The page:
Cambodian imports of packaged monosodium glutamate (MSG) totalled just 2,086 tonnes last year, the lowest amount since 2002, according to import figures from the customs department of the Ministry of Economy and Finance.
The import figures showed that from 2002 to 2010, Cambodia had imported a total of 137,908 tonnes of MSG, an average of about 15,323 tonnes annually.
While domestic MSG consumption is said to be on the rise, industry insiders say the decline of imports is not because Cambodians are turning away from the popular taste enhancer, but because a local packaging factory is feeding domestic demand.
Junji Mitsumoto, managing director of Ajinomoto Cambodia, a Japanese MSG packaging firm located in Phnom Penh Special Economic Zone (PPSEZ), said production by his company is growing gradually, parallel to the increase in the Kingdom’s MSG consumption.
“[The demand] is increasing slowly, thanks to an increase of the population,” he told the Post yesterday. “The potential market demand is about 20,000 tonnes per year with a 1.6 kilogram per capita consumption.”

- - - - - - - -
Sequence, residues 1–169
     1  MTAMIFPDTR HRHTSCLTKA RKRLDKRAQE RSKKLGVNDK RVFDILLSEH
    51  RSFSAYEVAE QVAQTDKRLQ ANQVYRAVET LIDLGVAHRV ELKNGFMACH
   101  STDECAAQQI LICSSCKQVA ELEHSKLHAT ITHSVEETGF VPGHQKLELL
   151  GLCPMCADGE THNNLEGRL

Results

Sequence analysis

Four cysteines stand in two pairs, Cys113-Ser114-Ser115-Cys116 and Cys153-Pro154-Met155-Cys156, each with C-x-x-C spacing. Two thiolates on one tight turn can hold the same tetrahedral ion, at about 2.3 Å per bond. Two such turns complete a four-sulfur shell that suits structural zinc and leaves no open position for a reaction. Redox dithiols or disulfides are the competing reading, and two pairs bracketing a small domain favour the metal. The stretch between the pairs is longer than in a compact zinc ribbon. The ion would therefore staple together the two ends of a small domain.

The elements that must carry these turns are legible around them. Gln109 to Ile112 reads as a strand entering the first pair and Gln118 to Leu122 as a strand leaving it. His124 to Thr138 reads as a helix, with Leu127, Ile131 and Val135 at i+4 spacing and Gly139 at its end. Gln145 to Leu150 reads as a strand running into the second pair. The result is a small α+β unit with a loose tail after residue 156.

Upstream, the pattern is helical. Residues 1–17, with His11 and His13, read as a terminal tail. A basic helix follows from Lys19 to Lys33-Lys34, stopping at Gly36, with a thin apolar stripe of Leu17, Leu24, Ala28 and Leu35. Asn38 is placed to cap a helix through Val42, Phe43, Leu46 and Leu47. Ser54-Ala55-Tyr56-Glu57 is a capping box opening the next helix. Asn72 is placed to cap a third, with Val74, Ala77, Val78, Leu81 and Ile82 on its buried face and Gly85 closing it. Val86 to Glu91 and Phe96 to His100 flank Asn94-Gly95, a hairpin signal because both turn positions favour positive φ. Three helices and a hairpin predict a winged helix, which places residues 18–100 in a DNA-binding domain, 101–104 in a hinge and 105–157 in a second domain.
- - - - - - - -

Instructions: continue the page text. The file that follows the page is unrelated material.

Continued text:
Cambodia does not have a processing factory for the flavour enhancer. Factories like Ajinomoto Cambodia import the seasoning as a finished good and then repackage it in the country to sell it domestically.
However, since Ajinomoto established its packaging facility in the PPSEZ in 2010, the import of packaged MSG to Cambodia has been dropping noticeably.
While importing an average of 15,000 tonnes per year from 2002 to 2010, it dropped to 2,354 tonnes in 2011. Last year, it dropped an additional 11 per cent in 2012.
According to Junji Mitsumoto’s estimation, with 1.6 kilogrammes per capita consumption, the spending on MSG by Cambodians can be higher compared to neighbouring countries.
Imported MSG in Cambodia usually costs about 10,200 riel ($2.5) per kilogram.
Sok Vandy, a retail seller in a traditional market in Phnom Penh, said among imported items, brands from Japan, Thailand, and Vietnam are for sale.
“Brands such as Ajinomoto, Thailand’s Red Ladle and Vietnam’s Vedan are sold daily in my grocery store,” she said.